D.C.’s famous Smithsonian museums may be temporarily shuttered because of the coronavirus pandemic, but the U.S. House has voted to create a new museum honoring the contributions of Latino Americans that could one day welcome streams of visitors on the National Mall.
The House voted Monday to create the National Museum of the American Latino to celebrate Latino life, art, history and culture, and to recognize the contributions of Latinos to American history.
The House bill, introduced by Rep. Jose Serrano, D-N.Y., the dean of the Congressional Hispanic Caucus, has drawn a slew of co-sponsors and has bipartisan support.
“Today, we reached an important milestone for the Hispanic community with passage of this legislation,” Serrano said. “After nearly 20 years of work, the National Museum of the American Latino Act was finally considered and approved with overwhelming bipartisan support.”
The proposed museum aims to be “the keystone for people in the United States and other Smithsonian Institution visitors to learn about Latino contributions to life, art, history, and culture in the United States” and to “illuminate the story of the United States for the benefit of all by featuring Latino contributions.”
The bill lays out several sites under consideration for the location of the museum. They are:
- The Smithsonian’s Arts and Industries Building located on the National Mall at 900 Jefferson Drive Southwest.
- A vacant area bounded by Independence Avenue, Jefferson Drive, Raoul Wallenberg Place, and 14th Street Southwest, which is currently under the jurisdiction of the National Park Service.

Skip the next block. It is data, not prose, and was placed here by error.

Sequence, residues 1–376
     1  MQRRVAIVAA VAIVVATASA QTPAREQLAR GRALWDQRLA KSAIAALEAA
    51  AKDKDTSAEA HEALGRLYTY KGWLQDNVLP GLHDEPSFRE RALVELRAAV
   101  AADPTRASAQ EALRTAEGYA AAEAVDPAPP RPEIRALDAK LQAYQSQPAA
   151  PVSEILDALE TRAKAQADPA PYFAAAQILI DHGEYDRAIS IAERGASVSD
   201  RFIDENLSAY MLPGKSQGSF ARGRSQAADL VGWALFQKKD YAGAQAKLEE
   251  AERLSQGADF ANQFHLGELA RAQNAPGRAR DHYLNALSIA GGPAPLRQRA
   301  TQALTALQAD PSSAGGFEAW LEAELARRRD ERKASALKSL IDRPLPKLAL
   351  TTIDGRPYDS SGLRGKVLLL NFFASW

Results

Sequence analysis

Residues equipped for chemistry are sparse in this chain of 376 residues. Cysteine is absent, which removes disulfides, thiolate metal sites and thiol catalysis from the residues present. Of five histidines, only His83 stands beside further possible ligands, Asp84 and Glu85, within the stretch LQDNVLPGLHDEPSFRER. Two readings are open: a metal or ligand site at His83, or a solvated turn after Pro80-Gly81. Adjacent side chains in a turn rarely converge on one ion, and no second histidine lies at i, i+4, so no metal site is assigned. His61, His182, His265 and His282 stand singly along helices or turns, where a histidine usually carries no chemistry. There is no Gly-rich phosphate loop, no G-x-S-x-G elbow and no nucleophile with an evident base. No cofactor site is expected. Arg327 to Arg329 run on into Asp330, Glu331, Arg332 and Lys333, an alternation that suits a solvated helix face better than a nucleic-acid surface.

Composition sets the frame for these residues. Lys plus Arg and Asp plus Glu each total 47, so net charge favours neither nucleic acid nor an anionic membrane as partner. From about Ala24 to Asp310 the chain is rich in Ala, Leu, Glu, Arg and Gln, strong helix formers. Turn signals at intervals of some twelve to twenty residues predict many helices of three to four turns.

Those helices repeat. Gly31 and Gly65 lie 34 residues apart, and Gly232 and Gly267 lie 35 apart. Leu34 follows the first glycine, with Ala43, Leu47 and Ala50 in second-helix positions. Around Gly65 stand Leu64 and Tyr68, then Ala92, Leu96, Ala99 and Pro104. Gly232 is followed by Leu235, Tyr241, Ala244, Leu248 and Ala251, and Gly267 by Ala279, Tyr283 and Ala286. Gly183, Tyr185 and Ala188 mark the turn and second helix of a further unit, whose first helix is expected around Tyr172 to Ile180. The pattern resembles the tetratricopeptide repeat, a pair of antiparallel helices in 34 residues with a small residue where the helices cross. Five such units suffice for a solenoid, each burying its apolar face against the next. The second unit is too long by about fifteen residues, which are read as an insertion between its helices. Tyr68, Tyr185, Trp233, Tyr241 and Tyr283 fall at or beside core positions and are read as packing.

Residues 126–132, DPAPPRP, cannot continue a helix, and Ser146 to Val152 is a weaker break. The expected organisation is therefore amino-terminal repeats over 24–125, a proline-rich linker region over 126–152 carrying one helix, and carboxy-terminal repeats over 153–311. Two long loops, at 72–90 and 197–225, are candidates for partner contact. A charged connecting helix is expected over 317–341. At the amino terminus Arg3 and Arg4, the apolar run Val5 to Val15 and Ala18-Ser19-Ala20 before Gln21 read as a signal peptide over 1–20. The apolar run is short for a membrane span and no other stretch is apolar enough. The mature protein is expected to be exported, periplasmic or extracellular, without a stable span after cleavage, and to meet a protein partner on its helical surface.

- An area bound by Third and First streets Northwest, and Constitution and Pennsylvania avenues Northwest, as measured from curb to curb, which is currently under the jurisdiction of the Architect of the Capitol.
- Part of the National Mall between 12th and 14th streets Southwest, and Jefferson Drive and Independence Avenue Southwest, which is currently under the jurisdiction of the Department of Agriculture.
The bill also says the Smithsonian officials can consider any other “appropriate location.”
The bill’s passage Monday is a culmination of efforts dating back more than 20 years. In 1994, in a 60-page report entitled “Willful Neglect: The Smithsonian Institution and U.S. Latinos,” a task force found that the Smithsonian displayed a pattern of excluding and ignoring the presence and contributions of Latino Americans in both its workforce and exhibition halls.
In 2011, a 23-member presidential commission administration recommended the creation of a new National Mall museum recognizing Latino history and culture.
Though the unanimous House vote is a significant step, the creation of the new museum is not yet a done deal. The Senate must also pass legislation approving the measure.
The National Museum of African American History and Culture — the newest addition to the Smithsonian’s collection of museums and art galleries — opened to great fanfare and large crowds in 2016 and broke attendance records.
CNN contributed to this report.